04 February 2015
I've written a fair amount about Chapter 9 municipal bankruptcy. (Fairness and Risk in Stockton, Who Bears the Cost?, and Who Bears the Burden?.) Each of my articles has addressed the political aspects of municipal bankruptcy. In other words, the reality of the Tenth Amendment and the nature of political legitimacy in a liberal polity creates some fuzzy edges when it comes to implementation of the relatively clear-cut rules of state law in the context of municipal bankruptcy.
For more along this line read The Legislative Structure of Municipal Bankruptcy by Vincent Buccola. As Buccola correctly observes, "The framework Chapter 9 establishes is better likened to a constitution, a legislative structure under which multiple political bodies seek to apportion resources by mutual consent. Political economy rather than contract-enforcement theory supplies the appropriate lens."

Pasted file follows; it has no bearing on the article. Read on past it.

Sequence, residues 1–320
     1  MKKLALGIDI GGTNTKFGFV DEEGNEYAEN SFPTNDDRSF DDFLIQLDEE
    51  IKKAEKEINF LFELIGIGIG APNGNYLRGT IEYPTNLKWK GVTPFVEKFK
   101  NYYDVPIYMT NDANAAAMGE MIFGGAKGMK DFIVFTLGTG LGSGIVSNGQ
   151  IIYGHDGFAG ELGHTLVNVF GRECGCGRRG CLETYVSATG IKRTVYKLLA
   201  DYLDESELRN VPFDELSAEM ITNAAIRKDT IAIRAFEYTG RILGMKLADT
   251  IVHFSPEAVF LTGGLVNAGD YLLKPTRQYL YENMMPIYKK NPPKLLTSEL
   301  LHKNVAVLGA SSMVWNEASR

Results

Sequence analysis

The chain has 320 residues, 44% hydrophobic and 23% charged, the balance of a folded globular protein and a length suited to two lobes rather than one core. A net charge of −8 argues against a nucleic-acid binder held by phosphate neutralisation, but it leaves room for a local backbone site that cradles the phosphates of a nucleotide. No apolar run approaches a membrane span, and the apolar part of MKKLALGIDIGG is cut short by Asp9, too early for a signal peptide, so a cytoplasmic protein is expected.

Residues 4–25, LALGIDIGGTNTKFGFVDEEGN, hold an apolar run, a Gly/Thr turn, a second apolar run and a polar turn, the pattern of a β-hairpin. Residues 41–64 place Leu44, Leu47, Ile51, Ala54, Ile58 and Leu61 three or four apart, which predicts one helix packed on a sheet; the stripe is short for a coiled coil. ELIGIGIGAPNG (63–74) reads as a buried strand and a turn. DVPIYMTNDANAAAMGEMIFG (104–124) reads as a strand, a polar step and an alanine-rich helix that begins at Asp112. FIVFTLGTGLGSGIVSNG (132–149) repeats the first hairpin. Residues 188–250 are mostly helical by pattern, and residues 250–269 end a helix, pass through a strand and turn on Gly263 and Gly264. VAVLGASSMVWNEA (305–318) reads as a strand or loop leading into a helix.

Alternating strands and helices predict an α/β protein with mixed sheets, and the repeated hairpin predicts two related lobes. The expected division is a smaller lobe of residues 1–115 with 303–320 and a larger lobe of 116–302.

Buccola and I differ, however, on the implications of the "politicization" of municipal bankruptcy. While I perceive it as constitutionally and morally justified, Buccola concludes that "it increases the costs of financing city services and impoverishes residents, employees, and retirees." In other words, Buccola lean more economically libertarian than me. (Note, however, that I fully concur with a number of his specific suggestions for reforming current Chapter 9.)
Notwithstanding the differences in our ultimate conclusions, I highly commend Buccola's piece.